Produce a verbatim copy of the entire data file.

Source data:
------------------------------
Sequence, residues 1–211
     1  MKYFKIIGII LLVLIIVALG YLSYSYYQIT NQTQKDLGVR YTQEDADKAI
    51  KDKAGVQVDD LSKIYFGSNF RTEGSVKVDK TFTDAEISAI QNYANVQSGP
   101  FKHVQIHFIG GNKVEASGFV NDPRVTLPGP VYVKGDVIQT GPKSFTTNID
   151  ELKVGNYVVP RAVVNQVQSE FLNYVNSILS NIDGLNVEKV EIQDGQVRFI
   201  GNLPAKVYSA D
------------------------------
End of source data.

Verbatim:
Sequence, residues 1–211
     1  MKYFKIIGII LLVLIIVALG YLSYSYYQIT NQTQKDLGVR YTQEDADKAI
    51  KDKAGVQVDD LSKIYFGSNF RTEGSVKVDK TFTDAEISAI QNYANVQSGP
   101  FKHVQIHFIG GNKVEASGFV NDPRVTLPGP VYVKGDVIQT GPKSFTTNID
   151  ELKVGNYVVP RAVVNQVQSE FLNYVNSILS NIDGLNVEKV EIQDGQVRFI
   201  GNLPAKVYSA D